Meet Thornbury's 'tennis mum' to the stars
A FORMER Thornbury school head teacher has lifted the lid on her time as 'tennis mum' to some of the sport's leading British stars.
Janet Raven would probably still be working with Britain's top junior players had the coronavirus pandemic not cut short her role.
She might have been in California in October to watch Cameron Norrie, a former charge and England's new number one, win the men's singles at Indian Wells – the first Briton to do so.
Janet said: "He's on fire this year – he even has an outside chance of making the year-end finals."
Had she been there – rather than watching on television – Janet, 64, could also have helped pick up Emma Raducanu (below), who crashed out in the first round.
Defeat for Britain's new top woman player marked the end of a whirlwind month for the 18 year old, another of those to whom Janet was a "tennis mother" in her role as pastoral care supervisor for British Tennis.
Describing Raducanu's achievement in becoming Britain's first female Grand Slam winner for over four decades, Janet said: "What made Emma's US Open win so exceptional is that her level went up and up so quickly.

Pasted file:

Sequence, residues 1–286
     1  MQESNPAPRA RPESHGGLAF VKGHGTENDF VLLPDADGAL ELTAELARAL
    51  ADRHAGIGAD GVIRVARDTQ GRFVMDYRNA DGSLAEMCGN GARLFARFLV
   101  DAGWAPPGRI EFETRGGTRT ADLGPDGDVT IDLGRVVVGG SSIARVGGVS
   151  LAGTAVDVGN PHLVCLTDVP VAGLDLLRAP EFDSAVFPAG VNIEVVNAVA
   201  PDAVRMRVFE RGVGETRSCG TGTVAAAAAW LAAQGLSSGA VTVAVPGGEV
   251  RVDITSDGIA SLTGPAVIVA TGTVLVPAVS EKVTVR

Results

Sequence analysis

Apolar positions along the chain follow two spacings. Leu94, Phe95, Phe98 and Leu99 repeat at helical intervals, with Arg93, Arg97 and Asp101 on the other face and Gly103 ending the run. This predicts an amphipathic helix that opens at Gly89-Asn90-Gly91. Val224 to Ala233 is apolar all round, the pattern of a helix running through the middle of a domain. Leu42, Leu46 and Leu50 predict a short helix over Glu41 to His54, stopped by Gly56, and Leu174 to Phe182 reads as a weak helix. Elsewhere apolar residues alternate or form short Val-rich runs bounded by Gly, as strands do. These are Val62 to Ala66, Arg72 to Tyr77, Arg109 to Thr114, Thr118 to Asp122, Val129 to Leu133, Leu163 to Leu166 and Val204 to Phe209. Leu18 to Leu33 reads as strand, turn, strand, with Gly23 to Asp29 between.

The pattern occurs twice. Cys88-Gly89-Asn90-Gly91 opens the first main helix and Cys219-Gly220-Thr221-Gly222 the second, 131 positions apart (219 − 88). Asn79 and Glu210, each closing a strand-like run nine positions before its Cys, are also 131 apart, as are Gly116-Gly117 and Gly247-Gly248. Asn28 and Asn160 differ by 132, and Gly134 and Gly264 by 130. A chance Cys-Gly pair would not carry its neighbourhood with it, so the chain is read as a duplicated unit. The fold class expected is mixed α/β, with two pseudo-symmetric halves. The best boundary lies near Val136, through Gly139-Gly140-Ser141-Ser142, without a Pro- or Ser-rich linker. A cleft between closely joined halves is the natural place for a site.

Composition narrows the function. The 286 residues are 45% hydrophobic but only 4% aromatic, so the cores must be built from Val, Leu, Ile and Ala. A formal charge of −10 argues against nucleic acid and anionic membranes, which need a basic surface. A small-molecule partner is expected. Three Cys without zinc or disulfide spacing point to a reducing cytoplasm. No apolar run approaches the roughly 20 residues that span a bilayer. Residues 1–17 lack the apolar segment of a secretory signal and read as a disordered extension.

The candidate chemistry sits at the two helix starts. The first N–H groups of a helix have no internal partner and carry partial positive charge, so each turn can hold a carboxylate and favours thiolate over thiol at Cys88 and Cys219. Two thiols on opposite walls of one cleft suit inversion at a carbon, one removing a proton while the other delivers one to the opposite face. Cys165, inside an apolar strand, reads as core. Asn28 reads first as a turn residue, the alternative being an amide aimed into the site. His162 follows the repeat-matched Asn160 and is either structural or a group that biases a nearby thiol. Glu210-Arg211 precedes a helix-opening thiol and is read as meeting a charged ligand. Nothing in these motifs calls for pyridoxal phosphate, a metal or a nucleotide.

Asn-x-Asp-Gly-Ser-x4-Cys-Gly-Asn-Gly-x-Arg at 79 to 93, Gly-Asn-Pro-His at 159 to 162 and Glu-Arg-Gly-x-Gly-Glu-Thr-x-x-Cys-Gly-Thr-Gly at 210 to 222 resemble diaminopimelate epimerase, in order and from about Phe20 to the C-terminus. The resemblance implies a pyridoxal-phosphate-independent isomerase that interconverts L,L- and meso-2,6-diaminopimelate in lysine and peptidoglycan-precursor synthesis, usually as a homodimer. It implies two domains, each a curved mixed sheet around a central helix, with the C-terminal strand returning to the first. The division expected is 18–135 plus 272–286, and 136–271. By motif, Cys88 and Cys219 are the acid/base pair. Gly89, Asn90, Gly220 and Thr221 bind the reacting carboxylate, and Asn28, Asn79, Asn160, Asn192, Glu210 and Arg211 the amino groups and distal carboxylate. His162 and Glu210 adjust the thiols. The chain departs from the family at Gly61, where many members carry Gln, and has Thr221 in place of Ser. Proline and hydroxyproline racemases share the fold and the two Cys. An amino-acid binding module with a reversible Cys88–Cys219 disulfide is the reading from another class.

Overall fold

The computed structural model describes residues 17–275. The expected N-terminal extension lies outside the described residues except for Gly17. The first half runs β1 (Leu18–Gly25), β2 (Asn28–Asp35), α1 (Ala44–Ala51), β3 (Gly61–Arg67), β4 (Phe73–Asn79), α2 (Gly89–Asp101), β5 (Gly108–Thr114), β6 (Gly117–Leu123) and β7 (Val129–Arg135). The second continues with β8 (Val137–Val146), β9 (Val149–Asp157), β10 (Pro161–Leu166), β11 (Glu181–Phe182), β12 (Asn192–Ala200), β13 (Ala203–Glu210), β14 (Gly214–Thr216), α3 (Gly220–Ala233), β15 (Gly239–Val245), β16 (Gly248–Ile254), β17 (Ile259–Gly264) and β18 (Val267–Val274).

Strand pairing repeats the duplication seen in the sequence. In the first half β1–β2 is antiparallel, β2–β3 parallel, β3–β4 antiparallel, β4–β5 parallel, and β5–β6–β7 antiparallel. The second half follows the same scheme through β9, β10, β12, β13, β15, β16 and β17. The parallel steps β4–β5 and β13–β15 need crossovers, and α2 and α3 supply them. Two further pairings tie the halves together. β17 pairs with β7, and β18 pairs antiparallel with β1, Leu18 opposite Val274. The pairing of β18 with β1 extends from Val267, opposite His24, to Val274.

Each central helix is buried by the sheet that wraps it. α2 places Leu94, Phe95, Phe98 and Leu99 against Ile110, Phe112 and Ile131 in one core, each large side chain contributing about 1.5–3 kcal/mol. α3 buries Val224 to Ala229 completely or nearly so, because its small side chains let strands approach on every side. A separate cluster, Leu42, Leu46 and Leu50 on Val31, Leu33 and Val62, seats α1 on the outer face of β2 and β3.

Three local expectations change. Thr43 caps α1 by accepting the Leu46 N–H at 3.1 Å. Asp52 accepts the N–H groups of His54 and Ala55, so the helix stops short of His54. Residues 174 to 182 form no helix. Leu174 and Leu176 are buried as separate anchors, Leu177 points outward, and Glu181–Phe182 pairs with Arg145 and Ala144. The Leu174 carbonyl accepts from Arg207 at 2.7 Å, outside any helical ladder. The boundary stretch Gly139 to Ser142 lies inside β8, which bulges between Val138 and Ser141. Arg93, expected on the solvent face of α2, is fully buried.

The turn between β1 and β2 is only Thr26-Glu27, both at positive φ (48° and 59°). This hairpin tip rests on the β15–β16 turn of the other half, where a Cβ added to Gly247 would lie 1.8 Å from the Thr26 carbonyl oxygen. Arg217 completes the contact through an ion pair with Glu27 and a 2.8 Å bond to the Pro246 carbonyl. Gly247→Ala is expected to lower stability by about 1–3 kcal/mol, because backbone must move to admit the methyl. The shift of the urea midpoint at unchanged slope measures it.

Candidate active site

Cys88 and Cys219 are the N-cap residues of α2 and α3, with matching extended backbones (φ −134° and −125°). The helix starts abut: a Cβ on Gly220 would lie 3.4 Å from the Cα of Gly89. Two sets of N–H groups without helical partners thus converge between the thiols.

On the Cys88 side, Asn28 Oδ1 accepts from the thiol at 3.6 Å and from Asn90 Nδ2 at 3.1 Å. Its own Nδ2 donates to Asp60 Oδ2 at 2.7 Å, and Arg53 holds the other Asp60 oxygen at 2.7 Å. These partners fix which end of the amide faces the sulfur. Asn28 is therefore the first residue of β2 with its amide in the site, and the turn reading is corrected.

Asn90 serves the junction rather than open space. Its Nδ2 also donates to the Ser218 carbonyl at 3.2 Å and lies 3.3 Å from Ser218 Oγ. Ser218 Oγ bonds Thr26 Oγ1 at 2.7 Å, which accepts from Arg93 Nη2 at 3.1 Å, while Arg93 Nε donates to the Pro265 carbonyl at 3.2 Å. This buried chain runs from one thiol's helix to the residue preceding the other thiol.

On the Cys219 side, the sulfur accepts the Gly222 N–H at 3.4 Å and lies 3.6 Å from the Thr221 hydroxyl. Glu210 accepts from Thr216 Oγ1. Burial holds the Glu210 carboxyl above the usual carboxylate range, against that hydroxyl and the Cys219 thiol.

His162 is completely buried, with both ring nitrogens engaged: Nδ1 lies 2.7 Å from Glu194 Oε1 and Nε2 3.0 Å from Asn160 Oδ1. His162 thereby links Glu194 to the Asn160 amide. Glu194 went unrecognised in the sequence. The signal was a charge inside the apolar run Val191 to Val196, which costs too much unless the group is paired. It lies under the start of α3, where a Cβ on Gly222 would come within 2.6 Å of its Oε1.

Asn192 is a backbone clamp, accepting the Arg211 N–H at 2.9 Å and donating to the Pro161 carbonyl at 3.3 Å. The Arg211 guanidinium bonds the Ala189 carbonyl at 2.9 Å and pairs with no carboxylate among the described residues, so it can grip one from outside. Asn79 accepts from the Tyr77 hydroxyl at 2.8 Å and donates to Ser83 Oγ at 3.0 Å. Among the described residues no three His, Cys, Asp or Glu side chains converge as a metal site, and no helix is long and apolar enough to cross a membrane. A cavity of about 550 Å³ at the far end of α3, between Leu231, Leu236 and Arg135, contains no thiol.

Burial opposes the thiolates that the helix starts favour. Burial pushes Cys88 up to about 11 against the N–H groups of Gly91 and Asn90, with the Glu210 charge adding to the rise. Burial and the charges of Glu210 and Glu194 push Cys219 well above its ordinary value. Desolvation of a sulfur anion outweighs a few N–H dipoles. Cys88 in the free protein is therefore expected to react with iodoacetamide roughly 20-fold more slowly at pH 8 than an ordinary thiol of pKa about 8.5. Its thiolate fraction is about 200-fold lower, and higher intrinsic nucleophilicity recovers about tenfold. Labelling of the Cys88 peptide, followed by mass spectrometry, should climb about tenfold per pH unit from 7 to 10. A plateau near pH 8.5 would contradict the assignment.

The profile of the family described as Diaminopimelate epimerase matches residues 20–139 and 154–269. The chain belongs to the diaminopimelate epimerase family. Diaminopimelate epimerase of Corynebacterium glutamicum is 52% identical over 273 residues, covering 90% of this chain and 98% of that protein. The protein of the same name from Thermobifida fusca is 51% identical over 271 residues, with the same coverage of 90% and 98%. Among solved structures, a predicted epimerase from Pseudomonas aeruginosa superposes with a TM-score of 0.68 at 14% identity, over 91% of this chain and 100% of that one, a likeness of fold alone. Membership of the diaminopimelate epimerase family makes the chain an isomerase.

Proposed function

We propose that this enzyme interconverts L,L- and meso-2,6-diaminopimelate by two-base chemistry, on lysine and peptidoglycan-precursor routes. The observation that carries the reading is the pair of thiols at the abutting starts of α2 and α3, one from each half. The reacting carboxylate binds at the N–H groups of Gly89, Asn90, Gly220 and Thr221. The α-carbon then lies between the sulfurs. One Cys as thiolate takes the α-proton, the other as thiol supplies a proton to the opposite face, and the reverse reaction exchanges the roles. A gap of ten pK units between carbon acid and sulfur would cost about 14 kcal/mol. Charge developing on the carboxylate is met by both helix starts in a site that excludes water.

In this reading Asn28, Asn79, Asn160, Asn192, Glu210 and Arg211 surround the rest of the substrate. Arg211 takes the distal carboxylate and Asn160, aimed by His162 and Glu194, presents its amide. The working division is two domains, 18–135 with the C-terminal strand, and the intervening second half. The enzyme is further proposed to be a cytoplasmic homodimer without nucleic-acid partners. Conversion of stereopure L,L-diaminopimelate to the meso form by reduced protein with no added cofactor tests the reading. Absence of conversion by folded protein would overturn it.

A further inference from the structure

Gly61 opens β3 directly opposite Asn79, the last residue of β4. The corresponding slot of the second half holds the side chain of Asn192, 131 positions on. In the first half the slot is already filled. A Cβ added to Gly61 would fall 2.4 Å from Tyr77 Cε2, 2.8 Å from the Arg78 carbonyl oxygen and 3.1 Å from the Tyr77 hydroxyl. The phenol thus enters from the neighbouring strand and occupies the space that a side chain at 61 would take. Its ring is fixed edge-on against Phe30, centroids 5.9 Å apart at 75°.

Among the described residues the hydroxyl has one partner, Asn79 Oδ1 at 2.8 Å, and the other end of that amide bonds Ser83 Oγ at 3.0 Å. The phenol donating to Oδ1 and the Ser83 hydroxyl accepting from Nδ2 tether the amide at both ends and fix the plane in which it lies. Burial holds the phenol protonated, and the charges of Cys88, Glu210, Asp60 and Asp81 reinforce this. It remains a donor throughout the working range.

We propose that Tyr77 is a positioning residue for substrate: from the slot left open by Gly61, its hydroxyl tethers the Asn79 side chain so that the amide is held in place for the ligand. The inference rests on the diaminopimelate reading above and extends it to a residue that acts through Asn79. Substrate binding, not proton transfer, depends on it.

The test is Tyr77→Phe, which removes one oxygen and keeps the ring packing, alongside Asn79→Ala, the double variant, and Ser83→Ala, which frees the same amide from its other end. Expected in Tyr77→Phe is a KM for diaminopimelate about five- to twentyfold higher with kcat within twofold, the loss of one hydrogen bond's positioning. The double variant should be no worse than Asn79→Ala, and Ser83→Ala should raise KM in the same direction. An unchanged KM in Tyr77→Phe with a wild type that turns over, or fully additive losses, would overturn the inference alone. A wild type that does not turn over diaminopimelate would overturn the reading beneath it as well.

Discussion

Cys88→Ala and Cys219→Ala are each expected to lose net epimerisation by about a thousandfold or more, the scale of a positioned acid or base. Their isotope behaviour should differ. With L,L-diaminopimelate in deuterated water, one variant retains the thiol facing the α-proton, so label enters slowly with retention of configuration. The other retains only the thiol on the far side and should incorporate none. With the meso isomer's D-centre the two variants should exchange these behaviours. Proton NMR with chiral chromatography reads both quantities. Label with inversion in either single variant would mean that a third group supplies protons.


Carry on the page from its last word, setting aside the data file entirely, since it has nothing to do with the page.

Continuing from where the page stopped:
"It was just fantastic. I could see her getting better and better.
"I was really chuffed for her when she won and also for all the other people who worked with her behind the scenes."
Janet believes she must have worked with more than 300 young people at the national tennis centre at Roehampton.
She described her eight years as pastoral care supervisor as "the world's most fun job".
The former head teacher of Crossways Junior School was "quite sad" when the role came to an end last year.
Along with so much else, the pandemic prevented promising young players from getting together to train.
Janet with former British No 1 Johanna Konta
Janet, a "proud Scot" who grew up not far from Andy Murray's birthplace in Dunblane, worked with players from nine to 18 at the centre, close to Wimbledon, and at international training camps.
Her role required her to look after players when they were away from home, helping them with everything from homesickness or schoolwork to getting over sporting disappointments, which is where Tiny Tim came in – Janet would hold up the little teddy bear, with Union flag paws, ears and tie, if she thought young players were getting over-anxious on court.
She said: "Everybody wanted to have their picture taken with him."
Janet is proud of the work she did with Norrie, Raducanu and her predecessor as Britain's top female player, Johanna Konta, as well as others of whom we have yet to hear.
But now the former music teacher is focussed on a project closer to home.
Janet, a member of Thornbury United Reformed Church, said: "All my working life I have organised Christmas concerts and I'm thinking we could raise some money for charity from carol singing in December."